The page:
In August 2021, the double agent wrote to He asking for directions about what information he wanted gathered from American law enforcement. He, the Chinese intelligence officer, allegedly responded that he wanted information about the telecommunications company “and all about the trade talk, attitude, analysis, potential measures, targets, offers…are helpful,” adding “specific cases of sanction aim to China enterprises are also good.” 

Then, in the fall of 2021, the double agent falsely told He and Wang that the official was meeting with the team of government lawyers preparing for the trial against Huawei. In one exchange, according to court documents, He asked the U.S. government employee whether federal prosecutors would “put forward a plea” and whether there was a witness list to share. 

The indictment also cites an interaction between the double agent and the Chinese officers in October 2021, during which the agent sent a single page from a purported internal strategy memo from federal prosecutors that appeared to be classified as “SECRET.” The memo discussed a plan to charge and arrest two Huawei employees living in China. One of the defendants, He, replied the document was “exactly what I am waiting for,” according to court filings, and then paid the undercover operative roughly $41,000 in bitcoin for stealing the memorandum.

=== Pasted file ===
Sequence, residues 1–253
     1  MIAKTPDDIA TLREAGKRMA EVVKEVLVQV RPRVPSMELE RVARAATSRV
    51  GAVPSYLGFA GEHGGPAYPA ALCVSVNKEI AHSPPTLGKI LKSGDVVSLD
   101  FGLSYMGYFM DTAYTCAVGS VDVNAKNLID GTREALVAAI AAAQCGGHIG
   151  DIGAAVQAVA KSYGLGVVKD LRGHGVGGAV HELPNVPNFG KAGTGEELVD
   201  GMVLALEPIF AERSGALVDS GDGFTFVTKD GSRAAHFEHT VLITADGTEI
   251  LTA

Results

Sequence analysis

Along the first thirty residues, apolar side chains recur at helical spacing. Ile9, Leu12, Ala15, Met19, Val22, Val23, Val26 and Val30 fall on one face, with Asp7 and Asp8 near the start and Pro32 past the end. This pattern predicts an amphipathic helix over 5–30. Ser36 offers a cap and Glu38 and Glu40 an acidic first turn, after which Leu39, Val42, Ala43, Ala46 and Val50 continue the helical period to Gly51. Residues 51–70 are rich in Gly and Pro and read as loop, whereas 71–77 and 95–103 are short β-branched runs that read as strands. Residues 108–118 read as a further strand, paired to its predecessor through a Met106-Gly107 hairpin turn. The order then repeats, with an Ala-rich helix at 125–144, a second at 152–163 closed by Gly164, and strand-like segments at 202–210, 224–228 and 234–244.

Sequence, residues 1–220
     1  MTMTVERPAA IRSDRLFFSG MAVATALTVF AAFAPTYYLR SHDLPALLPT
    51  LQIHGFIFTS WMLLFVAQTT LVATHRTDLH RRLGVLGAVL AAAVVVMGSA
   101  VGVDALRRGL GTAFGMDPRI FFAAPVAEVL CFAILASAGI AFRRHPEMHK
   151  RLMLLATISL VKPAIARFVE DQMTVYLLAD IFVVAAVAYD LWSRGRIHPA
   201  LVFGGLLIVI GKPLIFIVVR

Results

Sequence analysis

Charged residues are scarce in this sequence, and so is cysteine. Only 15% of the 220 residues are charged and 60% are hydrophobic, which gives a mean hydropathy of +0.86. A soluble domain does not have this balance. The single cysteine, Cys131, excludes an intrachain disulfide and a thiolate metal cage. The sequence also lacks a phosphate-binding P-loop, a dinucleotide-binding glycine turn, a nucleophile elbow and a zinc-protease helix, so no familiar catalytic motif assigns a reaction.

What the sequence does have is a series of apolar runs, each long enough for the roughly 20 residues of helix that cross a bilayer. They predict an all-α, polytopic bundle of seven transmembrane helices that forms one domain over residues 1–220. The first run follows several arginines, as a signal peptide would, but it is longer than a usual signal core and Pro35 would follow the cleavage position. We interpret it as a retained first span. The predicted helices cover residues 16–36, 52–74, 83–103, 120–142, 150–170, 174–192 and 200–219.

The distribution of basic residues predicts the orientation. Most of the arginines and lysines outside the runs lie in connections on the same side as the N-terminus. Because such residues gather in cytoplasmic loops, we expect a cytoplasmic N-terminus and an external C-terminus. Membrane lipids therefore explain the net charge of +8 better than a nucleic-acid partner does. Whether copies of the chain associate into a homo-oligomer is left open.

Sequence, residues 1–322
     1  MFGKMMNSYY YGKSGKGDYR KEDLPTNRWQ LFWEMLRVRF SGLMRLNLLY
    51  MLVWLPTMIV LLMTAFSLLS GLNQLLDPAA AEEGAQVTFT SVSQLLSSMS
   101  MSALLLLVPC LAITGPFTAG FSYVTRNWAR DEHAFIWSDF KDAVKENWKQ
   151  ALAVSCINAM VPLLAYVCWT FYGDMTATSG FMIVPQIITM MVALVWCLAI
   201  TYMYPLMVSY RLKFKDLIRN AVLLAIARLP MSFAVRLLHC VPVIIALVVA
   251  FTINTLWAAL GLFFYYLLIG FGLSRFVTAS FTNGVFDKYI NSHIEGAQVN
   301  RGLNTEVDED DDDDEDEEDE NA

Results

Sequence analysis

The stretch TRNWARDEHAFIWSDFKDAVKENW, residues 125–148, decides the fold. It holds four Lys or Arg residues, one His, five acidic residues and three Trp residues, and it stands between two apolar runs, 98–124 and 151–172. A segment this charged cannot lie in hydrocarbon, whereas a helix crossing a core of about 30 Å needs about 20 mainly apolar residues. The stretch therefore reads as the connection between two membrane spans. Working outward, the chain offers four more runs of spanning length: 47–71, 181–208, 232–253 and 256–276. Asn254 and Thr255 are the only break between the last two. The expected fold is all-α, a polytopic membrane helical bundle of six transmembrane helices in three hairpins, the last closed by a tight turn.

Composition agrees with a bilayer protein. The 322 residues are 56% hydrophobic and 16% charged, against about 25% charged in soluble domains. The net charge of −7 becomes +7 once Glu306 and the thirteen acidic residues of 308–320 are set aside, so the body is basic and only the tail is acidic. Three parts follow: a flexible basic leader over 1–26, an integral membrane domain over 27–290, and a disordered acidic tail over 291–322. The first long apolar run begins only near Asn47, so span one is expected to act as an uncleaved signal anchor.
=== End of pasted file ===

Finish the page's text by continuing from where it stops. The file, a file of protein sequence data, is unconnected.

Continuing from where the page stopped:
The agent also asked He and Wang for feedback about the document marked “SECRET,” and He said that the Chinese telecommunications company “didn’t give me specifically feedback now yet, but they are obviously interested in it, and my boss and they need further information.” He also told the double agent that the company, believed to be Huawei, “obviously will be interested” in the undercover operative stealing another part of the strategy memo.

Communications between the double agent and He lasted until Oct. 20, 2022, during which time the individuals discussed a reward for the work.

In another case, prosecutors in New Jersey charged four individuals, including three Chinese intelligence officers, for unsuccessfully trying to recruit a former federal law enforcement officer and state homeland security official to act in the U.S. as an agent of China. 

Charging documents unsealed Monday allege that from 2008 through at least 2018, Wang Lin and three co-defendants used an affiliation with a Chinese academic institution as cover to identify, target and direct individuals in the U.S. to act on China’s behalf, including trying to pressure the individual to stop a planned protest against China in the U.S. and other allegedly “clandestine” activities.” 

The third case announced by Garland involves seven individuals allegedly working on behalf of the Chinese government who were charged with engaging in a multi-year campaign to force a U.S. resident to return to China. Two of the seven people charged were arrested last week, though the remaining five remain at large.

“The PRC has a history of targeting political dissidents and critics of the government who have sought relief and refuge in other countries,” Garland said, referring to the People’s Republic of China.

The attorney general said the campaign included harassment, threats, surveillance and intimidation aimed at coercing the individual to return to China. Those involved also allegedly harassed the victim’s family members.